Yesterday, news that Chinese businessman Chen Guangbiao had planned to provide both cash and expensive meals to New York City’s homeless population circulated and proved a compelling curiosity — but now, critics say that the invitees were cruelly taunted by a sum of money to help that in the end never materialized.
Earlier, The Inquisitr reported that Chen Guangbiao, 46, took out expensive ads in New York City newspapers like the Wall Street Journal, promising that he would treat homeless residents of New York City to food and give them $300 for attending.
Guangbiao invited “poor and destitute Americans” to Central Park’s Boathouse to dine on sesame seed encrusted tuna, steak, and other delicacies — with the promise of $300 for each guest at the end of the luncheon.
It would seem a relatively straightforward plan, if one of dubious or difficult to discern merit. However, Guangbiao is now being criticized for what was not only a mostly empty gesture — but also one that was cruel given how it panned out.
China Daily details some of what went wrong during the bizarre “charity” event hosted by Guangbiao, explaining:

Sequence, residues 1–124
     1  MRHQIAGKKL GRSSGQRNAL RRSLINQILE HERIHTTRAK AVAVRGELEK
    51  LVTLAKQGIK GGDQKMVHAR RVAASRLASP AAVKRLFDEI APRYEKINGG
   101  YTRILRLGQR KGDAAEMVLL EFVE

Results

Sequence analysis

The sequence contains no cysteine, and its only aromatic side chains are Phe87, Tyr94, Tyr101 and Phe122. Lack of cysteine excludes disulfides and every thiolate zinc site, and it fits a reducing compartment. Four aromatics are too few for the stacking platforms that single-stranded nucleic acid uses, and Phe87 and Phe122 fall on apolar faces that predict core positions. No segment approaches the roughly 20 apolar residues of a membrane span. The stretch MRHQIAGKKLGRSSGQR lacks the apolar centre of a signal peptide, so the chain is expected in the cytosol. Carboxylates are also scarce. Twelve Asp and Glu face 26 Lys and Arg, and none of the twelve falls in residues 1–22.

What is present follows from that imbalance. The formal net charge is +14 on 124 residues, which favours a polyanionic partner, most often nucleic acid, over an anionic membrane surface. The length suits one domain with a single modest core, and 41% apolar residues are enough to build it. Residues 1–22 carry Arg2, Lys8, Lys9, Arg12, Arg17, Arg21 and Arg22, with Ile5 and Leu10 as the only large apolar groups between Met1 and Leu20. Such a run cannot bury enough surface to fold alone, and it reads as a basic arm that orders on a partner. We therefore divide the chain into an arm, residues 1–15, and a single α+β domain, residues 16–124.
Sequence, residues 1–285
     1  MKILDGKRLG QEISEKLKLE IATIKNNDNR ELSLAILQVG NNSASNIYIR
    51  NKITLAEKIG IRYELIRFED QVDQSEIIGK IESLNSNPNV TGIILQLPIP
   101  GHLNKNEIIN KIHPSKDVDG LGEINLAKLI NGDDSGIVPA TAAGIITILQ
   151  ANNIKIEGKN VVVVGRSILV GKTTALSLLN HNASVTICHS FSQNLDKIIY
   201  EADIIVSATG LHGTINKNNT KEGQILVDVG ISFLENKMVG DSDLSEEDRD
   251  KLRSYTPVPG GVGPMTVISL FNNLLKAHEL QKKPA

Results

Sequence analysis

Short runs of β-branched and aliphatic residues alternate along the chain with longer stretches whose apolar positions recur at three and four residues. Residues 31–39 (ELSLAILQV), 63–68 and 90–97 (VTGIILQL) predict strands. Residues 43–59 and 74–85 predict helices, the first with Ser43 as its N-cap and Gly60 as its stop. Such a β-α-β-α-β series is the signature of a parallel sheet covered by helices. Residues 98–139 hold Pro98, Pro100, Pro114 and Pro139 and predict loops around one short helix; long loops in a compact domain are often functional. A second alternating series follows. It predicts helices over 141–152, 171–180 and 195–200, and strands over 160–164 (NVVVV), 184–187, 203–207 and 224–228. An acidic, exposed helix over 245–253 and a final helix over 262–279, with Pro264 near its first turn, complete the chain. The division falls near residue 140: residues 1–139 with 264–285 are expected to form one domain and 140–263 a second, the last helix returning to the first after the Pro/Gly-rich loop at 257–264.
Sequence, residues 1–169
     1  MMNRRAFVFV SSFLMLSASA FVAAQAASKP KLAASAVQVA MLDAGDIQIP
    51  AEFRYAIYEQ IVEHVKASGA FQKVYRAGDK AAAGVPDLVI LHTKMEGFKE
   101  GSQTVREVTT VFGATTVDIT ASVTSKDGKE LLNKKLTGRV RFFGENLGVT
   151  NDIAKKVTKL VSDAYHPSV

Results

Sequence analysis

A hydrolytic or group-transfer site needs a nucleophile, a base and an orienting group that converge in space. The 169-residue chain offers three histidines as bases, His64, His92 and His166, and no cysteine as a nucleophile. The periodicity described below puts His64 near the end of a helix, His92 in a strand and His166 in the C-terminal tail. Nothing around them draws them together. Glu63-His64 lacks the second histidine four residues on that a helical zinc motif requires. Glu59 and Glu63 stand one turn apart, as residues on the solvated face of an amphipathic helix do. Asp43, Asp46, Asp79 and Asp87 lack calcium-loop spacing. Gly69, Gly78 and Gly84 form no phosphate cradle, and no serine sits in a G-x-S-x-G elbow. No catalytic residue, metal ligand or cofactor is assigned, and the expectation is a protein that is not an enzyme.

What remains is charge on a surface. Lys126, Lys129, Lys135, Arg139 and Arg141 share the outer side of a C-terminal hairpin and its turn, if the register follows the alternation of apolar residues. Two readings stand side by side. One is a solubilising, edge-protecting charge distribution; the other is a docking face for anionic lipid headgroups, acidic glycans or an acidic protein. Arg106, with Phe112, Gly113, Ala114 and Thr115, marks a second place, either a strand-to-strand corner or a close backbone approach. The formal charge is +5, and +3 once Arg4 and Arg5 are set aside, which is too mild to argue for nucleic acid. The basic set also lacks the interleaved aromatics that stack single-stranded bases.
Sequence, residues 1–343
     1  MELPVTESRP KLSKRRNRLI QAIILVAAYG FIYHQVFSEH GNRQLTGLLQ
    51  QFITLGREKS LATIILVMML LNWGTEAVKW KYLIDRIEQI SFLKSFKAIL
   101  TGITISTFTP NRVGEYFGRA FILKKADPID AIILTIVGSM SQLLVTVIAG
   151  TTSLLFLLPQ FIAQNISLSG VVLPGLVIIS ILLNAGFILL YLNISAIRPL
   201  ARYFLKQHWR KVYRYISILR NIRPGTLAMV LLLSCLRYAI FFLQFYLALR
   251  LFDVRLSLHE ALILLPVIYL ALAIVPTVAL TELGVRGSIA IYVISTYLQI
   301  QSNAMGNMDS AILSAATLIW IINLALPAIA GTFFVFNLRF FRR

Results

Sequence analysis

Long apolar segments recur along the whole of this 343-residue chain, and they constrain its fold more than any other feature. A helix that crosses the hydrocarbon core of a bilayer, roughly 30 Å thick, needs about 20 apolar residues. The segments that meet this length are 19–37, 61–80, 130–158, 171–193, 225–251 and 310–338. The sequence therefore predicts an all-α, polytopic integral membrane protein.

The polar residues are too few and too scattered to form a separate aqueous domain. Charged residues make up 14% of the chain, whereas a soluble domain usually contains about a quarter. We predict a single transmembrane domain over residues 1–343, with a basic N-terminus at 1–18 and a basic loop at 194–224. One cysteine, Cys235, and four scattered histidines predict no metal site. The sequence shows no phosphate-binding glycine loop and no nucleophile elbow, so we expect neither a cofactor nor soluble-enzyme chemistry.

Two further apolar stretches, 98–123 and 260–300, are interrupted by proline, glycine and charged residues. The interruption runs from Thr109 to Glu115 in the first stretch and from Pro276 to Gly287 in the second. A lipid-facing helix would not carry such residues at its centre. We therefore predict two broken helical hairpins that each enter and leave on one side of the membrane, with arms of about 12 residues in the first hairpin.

“The 1,000 invitees had to be reduced to 300 because the Boathouse couldn’t handle that many people, and as for the $300 in cash, instead of handing out the money — a total of $90,000 — Chen gave it to the New York City Rescue Mission. The shelter coordinated the event for him and chose many of the guests… Chen, a 45-year-old recycling entrepreneur whose wealth has been estimated at $400 million by Forbes Asia, said in the ad that his goal was to change Americans’ negative perception of members of China’s elite as ‘crazy’ and obsessed with material goods.”
It would appear that at least a third of those promised entry were inexplicably denied, with only 200 of the 300 attendees ultimately admitted. Business Insider quotes a man identified only as Duwell, who described the event as “the worst fraud [he] has ever seen perpetrated against the homeless community.”
The man added:
“I am handicapped, and I have been waiting here for 10 and a half hours… I have been chased by the police and treated with disrespect after we were promised a gourmet meal and $300. This is a publicity stunt.”
Another left outside waiting for hours, a woman named Tammy, felt the manner of inviting homeless people to the event was out of touch with the realities of homelessness. She said:
“Why would you send an invitation by email to homeless people? If I had a computer, I would have a home!”
Chen Guangbiao dismissed the criticism as from those “who might be jealous,” and opined that any frustration was “negative.”
[Image: Chen Guangbiao, Facebook]